“Rudenick waited several days before logging the evidence in [Hill’s] case,” the petition said. “The majority of the burglary related evidence was returned to its owner on June 12, 2010. Rudenick did not fill in the date and time when he logged the firearms into his property log. However, on June 14, 2010, Deputy Julie Larson swabbed the firearms for DNA samples and logged the swabs into property.

“Rudenick had both the buccal swabs and the firearms unaccounted for and in his possession for at least three days,” the petition said. “The firearms were not received into inventory until June 29, 2010…Petitioner asserts that the only way his DNA was found on those firearms is because Deputy Rudenick put it there—and Rudenick was apparently capable of doing so.”

The lawyers contended that the criminal investigation showed “Deputy Rudenick tampered with evidence on numerous occasions. The independent investigation reports show Rudenick was dishonest with his department, his coworkers, and his wife…These reports and the independent investigation paint a portrait of a desperate investigator, behind in his work, willing to lie, cheat, and steal: willing to cut corners and plant evidence in order to secure the conviction of a person he undoubtedly thought should be off the street.”

On October 3, 2018, District Court Judge Judith M. Tilsen granted the petition, vacated Hill’s convictions and ordered a new trial.

The judge noted that during a hearing on the petition, Rudenick denied tampering with the evidence in Hill’s case. Rudenick recalled that he may have taken two buccal swab kits and could not remember when he took the swab to the crime lab for testing.

“He does not recall whether he put the buccal swab in evidence. He admits that he had access to the guns in this case,” the judge noted. “He admits he had access to both the buccal swab and the guns at the same time. He, not surprisingly, denies any mishandling or tampering or ‘planting’ of DNA.”

The judge noted that there was “a clear break” in the chain of custody for the guns and that Rudenick had the swabs and the guns in his custody for about four days.

“This court believes that opportunity and means coupled with Deputy Rudenick's dishonest behavior as an officer provide proof by a preponderance of the evidence that the DNA was planted in this case,” the judge declared.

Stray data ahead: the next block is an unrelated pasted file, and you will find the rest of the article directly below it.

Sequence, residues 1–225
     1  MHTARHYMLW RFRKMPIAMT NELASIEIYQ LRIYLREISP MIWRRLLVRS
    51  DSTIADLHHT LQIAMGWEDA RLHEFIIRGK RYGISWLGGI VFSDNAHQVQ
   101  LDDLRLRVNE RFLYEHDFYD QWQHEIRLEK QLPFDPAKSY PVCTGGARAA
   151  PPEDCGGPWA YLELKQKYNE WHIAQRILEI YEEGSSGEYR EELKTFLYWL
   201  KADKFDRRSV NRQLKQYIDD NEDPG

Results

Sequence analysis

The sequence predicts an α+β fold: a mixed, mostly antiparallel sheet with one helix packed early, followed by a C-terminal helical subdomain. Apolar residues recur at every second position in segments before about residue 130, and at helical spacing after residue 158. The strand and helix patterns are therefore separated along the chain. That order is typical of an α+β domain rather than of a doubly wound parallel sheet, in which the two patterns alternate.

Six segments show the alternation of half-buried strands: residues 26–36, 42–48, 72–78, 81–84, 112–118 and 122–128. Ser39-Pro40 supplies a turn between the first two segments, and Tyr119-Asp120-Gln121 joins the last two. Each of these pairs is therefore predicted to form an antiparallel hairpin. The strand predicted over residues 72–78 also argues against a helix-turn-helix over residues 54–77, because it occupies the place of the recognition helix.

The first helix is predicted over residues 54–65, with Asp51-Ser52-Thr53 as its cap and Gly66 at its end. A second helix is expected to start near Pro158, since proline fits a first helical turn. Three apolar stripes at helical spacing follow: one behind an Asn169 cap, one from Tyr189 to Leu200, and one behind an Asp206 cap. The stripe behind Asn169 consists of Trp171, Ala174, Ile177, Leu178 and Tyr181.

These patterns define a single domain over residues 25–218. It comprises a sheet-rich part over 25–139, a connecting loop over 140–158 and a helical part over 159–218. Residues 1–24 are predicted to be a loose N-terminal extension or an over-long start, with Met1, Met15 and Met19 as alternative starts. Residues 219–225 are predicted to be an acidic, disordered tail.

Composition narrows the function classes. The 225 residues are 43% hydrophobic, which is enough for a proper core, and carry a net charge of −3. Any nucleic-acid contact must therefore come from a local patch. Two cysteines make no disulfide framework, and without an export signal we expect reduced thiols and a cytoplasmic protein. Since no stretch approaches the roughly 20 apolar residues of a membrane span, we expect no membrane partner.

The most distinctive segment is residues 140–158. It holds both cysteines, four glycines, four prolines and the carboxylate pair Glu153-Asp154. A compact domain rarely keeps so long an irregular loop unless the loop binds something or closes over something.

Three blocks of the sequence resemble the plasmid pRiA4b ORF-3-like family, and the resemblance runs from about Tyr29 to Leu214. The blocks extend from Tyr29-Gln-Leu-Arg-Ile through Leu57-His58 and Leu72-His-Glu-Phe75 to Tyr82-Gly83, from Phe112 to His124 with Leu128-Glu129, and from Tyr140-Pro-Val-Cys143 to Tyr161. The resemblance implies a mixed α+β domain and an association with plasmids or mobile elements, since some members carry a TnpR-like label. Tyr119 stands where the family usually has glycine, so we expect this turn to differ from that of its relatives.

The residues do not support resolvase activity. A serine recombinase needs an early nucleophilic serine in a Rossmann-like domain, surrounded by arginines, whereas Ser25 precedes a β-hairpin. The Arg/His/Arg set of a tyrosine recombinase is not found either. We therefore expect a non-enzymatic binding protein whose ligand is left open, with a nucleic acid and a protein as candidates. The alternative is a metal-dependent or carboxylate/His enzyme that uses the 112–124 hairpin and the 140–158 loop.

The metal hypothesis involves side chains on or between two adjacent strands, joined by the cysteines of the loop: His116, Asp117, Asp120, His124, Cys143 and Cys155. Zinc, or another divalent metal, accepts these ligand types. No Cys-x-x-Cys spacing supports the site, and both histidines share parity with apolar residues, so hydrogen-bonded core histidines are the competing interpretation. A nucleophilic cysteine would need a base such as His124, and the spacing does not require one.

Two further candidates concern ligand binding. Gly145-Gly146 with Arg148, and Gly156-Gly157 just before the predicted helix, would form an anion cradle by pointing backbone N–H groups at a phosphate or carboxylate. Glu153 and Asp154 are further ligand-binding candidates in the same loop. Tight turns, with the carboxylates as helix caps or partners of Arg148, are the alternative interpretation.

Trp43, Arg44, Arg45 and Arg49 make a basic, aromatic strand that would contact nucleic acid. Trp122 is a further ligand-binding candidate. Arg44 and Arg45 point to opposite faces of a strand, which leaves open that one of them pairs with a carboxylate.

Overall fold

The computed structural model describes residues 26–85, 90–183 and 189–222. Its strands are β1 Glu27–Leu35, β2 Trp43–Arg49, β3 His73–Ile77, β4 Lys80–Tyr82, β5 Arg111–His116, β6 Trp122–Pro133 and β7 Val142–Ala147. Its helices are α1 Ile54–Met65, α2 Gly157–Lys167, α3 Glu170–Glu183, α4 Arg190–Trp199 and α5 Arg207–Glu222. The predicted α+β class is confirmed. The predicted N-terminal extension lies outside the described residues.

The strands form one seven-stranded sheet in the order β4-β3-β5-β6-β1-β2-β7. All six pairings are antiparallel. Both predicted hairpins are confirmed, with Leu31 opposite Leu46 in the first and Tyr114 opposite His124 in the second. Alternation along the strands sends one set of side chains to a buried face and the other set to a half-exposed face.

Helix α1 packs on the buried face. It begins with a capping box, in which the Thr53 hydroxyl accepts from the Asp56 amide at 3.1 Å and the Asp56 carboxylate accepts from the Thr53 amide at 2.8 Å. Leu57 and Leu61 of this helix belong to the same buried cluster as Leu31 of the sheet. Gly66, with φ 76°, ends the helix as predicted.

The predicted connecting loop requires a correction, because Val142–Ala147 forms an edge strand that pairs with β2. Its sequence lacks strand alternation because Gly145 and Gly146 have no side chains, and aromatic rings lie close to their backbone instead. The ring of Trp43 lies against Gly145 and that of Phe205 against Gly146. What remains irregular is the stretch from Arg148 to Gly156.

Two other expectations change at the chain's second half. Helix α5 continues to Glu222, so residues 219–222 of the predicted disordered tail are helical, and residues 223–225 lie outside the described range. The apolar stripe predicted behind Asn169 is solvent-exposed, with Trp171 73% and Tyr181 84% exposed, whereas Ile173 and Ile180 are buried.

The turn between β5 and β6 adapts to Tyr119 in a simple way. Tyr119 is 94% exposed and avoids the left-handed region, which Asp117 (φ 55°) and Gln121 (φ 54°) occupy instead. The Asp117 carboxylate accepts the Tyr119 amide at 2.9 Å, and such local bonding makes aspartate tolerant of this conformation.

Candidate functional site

Judge Tilsen also said that documents had not been disclosed by the prosecution that would have revealed the break in the chain of custody. “There is a reasonable probability that if the problems with chain of custody had been disclosed, the result of the proceeding would have been different,” the judge ruled. “It is quite possible that a new trial court would not admit the DNA evidence based on the foundational problems highlighted by the missing documents.”

By that time, Hill had been released from prison after spending 1,206 days in custody—more than three years.

On December 10, 2018, the Ramsey County District Attorney’s Office dismissed the charges.

In May 2019, Hill filed a petition seeking an order that he was eligible for compensation from the state of Minnesota. In September 2019, the petition was denied. Hill appealed and in June 2020, the Minnesota Court of Appeals reversed, noting that changes in the compensation statute had been implemented subsequent to the denial. The appeals court held that there was “evidence of factual innocence.”

In response, the prosecution contended that it did not believe Hill was innocent, but had dismissed the charges “based on the goal of achieving justice in each and every case.”

In December 2020, District Court Judge Nicole Starr ruled that Hill met the definition of exonerated under the state compensation statute. “[T]his Court finds that [Hill] established that a crime was not committed,” Judge Starr ruled.

In November 2021, a panel assigned by the Minnesota Supreme Court approved a $423,212 award for Hill under Minnesota's Imprisonment and Exoneration Remedies Act. However, as of January 2022, the legislature had yet to appropriate funding for the award.

In January 2022, Hagler and attorney Paul Applebaum filed a federal civil rights lawsuit seeking damages from Rudenick and the Ramsey County Sheriff’s Office. The lawsuit said that Rudenick had testified falsely about the chain of custody to cover up the delay in sending the evidence to the BCA for analysis.

“The only evidence used to convict [Hill] was the DNA planted on the two guns and…Rudenick’s perjured testimony regarding the manner in which he processed [Hill’s] DNA sample and the seized guns,” the lawsuit said.

– Maurice Possley

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Posting Date: 3/30/2022
Last Updated: 3/30/2022
Most Serious Crime:Weapon Possession or Sale
Additional Convictions:
Reported Crime Date:2010
Sentence:5 years
Age at the date of reported crime:30
Contributing Factors:Perjury or False Accusation, Official Misconduct
Did DNA evidence contribute to the exoneration?:No